German artist Günther Kieser was born in 1930 in Kronberg, near Frankfurt. Trained at the Werkkunstschule in Offenbach, Kieser began his career as a free-lance artist in 1949 and founded a studio with Hans Michel in 1952. The two artists worked on projects for the German Mail Service and the Hesse radio network and started creating posters for Lippmann & Rau, founders of the first German Jazz concert agencies.
Over the next decade, Kieser and Michel would design posters for the concerts by Duke Ellington, Ella Fitzgerald, Count Basie, Oscar Peterson, and John Coltrane.
When his partnership with Michel ended in 1962, Kieser continued to work primarily for Lippmann & Rau, producing posters that would become fixtures in the music scene. His posters were displayed in concert halls, bars and on billboards. His treatment of political topics and current issues gave his work an iconic look and feel. Keiser’s Jimi Hendrix Experience poster, 1969, is one of his most popular designs stamped in the memory of a post modern generation.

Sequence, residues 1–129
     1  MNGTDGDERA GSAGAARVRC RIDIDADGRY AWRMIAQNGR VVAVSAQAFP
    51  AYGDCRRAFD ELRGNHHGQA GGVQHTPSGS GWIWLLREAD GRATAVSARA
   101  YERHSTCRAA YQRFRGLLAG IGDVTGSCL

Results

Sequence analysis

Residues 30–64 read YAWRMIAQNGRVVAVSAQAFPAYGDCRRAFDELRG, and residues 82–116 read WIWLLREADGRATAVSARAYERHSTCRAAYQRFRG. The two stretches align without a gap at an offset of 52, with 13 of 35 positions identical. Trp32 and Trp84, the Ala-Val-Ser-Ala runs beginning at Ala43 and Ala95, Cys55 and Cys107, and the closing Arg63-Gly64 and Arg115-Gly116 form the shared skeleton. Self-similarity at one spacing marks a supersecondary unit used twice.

Kieser joined the Deutscher Werkbund (German Work Federation) in 1956 and became a member of the Alliance Graphique Internationale (AGI) in 1964. In 1981, he became a professor for Visual Communication at the Bergische Universität in Wuppertal, a position he held until 1992. Kieser has won numerous international awards, his work has been exhibited worldwide and his posters are part of every important museum collection.
Meggs’ History of Graphic Design categorizes Keiser in the European Visual Poet camp. He had an uncanny ability to visualize text as form as seen in many of his works, including the Jazz Band Ball poster. It is hard to believe Kieser’s work predates the digital age.
Solo exhibitions include: Lincoln Center, NY; Mexico City; Wuxi, China; Torun, Poland; Kornhaus Forum, Berne; Poster Museum, Essen; Museum of Arts and Crafts, Frankfurt, and others. According to the Alliance Graphique Internationale, “Günther Kieser is engaged in poster design, laying out clear principles of form and colour. Bound to strict aesthetic approaches, these posters are Kieser’s way of making contact with people and leading them to a responsible form of creation and interaction. Postermaking can be both a matter of power and a delightful and intelligent method of liberal communication. Instructive, not destructive – that is the central issue of his art.”
Günther Kieser still lives and works in Germany, having celebrated his 89th birthday in 2019.